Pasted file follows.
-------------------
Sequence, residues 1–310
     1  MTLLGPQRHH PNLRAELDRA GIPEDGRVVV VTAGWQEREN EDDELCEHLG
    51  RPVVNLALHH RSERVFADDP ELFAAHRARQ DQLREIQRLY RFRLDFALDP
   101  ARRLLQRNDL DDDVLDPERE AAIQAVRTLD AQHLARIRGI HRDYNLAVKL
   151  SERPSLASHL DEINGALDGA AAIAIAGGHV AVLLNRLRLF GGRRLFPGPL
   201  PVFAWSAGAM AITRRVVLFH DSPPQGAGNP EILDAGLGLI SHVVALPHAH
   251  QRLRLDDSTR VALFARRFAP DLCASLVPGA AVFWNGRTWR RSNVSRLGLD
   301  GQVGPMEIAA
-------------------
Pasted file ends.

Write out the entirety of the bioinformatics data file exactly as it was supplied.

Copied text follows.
Sequence, residues 1–310
     1  MTLLGPQRHH PNLRAELDRA GIPEDGRVVV VTAGWQEREN EDDELCEHLG
    51  RPVVNLALHH RSERVFADDP ELFAAHRARQ DQLREIQRLY RFRLDFALDP
   101  ARRLLQRNDL DDDVLDPERE AAIQAVRTLD AQHLARIRGI HRDYNLAVKL
   151  SERPSLASHL DEINGALDGA AAIAIAGGHV AVLLNRLRLF GGRRLFPGPL
   201  PVFAWSAGAM AITRRVVLFH DSPPQGAGNP EILDAGLGLI SHVVALPHAH
   251  QRLRLDDSTR VALFARRFAP DLCASLVPGA AVFWNGRTWR RSNVSRLGLD
   301  GQVGPMEIAA